• It has been applied successfully in many sectors: public—private—not-for-profit—military— and government at all levels.

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  4. What do you mean by the comprehensive nature of Systems Thinking?
    • Our world has a set of universal laws and principles in a number of fields, including life cycle, food chain on land and in the water, our 24 hour (almost) day, 365 (plus) days in a year, gravity, wind, fire, air, sun and moon, etc.
      So there is no reason why life on earth would not be subject to the universal laws on earth as well.

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  5. What is wrong with Analytical Thinking, as it has gotten us a highly advanced world in the 21st Century?
    • Fact:
      The kind of analytical thinking and actions we generally use today in our Human/Social/Living Systems has led to both:
      —Spectacular successes and
      —Spectacular Failures (Huge, intractable, chronic problems we cannot seem to solve).
    • Why? Hypothesis:
      —The way we think has something to do with it since it precedes the planning and actions leading to poor results. More specifically, linear thinking ignores time delays and unintended consequences of actions – two factors that lead to non-obvious and often less than desirable outcomes.
      Moreover, most of the problems that now confront us are systemic and do not improve in sustainable ways using a linear approach.
      —Adding an understanding and use of Systems Thinking will improve the probability of better and more sustainable problem solving and solution seeking.

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  6. What do we mean by Human/Social/Living Systems Thinking?
    • This type of Systems Thinking is “the natural way the world works.” It is very important to distinguish between living systems that incorporate human behavior and those that are simply focused on the natural world. The critical reason for this is that people (not nature) develop solutions to problems that often unwittingly make the problems worse.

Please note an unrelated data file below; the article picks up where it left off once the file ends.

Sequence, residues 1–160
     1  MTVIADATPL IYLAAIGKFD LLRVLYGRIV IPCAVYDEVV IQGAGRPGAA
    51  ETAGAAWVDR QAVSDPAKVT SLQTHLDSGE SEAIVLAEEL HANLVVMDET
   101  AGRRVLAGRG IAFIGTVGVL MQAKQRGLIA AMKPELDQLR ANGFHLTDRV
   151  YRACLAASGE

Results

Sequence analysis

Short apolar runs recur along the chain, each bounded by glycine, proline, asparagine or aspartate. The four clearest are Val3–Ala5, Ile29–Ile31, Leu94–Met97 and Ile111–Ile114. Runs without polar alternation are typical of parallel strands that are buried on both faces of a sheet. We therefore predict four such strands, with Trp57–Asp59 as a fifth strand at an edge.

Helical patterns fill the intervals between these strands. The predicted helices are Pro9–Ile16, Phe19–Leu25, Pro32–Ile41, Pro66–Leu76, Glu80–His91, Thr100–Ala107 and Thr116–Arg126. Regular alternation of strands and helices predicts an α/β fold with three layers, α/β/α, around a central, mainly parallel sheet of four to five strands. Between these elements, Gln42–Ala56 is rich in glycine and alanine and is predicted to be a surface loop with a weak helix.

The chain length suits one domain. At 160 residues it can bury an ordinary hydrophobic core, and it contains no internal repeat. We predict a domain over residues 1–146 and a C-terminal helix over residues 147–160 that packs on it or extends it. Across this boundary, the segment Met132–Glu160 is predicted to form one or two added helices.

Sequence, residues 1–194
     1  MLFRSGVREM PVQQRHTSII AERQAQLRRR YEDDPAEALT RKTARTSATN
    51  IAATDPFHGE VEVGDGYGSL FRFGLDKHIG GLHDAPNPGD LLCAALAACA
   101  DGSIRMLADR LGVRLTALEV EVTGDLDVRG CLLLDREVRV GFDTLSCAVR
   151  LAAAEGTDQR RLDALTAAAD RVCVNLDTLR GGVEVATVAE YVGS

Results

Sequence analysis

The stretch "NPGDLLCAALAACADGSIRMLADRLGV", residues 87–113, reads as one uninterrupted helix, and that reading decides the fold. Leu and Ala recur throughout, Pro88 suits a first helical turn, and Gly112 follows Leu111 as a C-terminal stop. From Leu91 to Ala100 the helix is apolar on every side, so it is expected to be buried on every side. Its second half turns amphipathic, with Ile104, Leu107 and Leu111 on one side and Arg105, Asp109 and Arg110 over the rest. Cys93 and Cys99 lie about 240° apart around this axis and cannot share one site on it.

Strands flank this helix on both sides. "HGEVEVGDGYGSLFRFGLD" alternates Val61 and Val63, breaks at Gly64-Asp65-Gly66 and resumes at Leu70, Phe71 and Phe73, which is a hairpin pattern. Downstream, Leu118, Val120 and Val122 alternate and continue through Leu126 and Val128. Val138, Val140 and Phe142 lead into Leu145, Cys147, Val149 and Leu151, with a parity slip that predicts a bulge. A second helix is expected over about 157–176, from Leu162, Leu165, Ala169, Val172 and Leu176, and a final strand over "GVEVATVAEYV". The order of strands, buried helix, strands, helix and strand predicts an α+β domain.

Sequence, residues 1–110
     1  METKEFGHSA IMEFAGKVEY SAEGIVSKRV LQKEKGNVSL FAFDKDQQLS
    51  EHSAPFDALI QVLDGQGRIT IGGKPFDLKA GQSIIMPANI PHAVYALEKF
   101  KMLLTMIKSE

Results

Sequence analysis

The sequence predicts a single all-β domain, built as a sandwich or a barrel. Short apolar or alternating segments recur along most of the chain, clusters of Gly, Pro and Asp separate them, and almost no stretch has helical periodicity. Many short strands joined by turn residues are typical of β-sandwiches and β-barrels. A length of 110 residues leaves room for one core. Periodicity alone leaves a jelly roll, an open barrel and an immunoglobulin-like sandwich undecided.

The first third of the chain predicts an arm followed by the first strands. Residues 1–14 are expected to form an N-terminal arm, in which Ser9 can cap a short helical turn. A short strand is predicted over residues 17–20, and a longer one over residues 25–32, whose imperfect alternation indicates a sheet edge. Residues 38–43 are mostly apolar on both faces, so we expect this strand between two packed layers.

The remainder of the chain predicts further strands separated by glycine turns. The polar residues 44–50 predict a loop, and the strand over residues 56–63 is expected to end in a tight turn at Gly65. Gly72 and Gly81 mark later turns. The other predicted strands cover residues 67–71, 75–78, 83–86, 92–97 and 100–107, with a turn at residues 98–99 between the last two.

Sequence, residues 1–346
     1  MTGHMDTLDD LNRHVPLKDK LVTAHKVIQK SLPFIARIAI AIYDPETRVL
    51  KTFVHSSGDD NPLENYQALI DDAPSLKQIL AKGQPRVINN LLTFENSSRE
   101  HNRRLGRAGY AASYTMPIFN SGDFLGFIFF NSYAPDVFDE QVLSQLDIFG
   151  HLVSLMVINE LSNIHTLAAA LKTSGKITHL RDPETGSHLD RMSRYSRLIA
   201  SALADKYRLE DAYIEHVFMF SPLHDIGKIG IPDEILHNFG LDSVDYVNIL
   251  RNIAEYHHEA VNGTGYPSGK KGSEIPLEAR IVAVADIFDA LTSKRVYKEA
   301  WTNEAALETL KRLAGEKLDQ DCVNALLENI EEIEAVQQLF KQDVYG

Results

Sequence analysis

When our minds are trained to think linearly, we miss the importance of such system properties as ripple effects, time delays, and unintended consequences – and we blame others for what are often our own failures to think clearly and act responsibly.
    • It is based on over 50 years of scientific research by the Society for General Systems Research as well as at least four Schools of Thought (see Systems Thinking Research & Schools of Thought under Systems Thinking FAQ in the menu bar for details). Systems Thinking is a higher level thinking process sometimes called a “helicopter view of life” to see the whole system in its environment.
    • There are Eight Levels of Human/Social/Living Systems—the largest being earth—according to the research of James Greer Miller, one of the earliest Presidents of the Society for General Systems Research (Now called ISSS—See Association’s in the Global Resource Portal for more details).
    • There are at least 12 Natural Laws of Life on earth that apply to all eight levels of Human/Social/Living Systems equally according to the Society for General Systems Research published in their 1972 Annual by the American Management Association (see here for more details).
    • Our Human/Social/Living Systems are OPEN SYSTEMS that interact with and are sustained by their Environment and other Human/Social/Living Systems. Some systems are more open than others with significant implications for success. This is a key characteristic of our focus of this Association. Those more “closed-type” systems in today’s global and wifi world find it difficult to sustain themselves long term.
    • For a FREE Framework/Model of how systems naturally operate, see FREE ABCs Template on the Home Page.
    • There is also an excellent summary of system properties in Donnella Meadows’ posthumous book “Thinking in Systems”. Chapters 4 and 5 are especially important in this regard.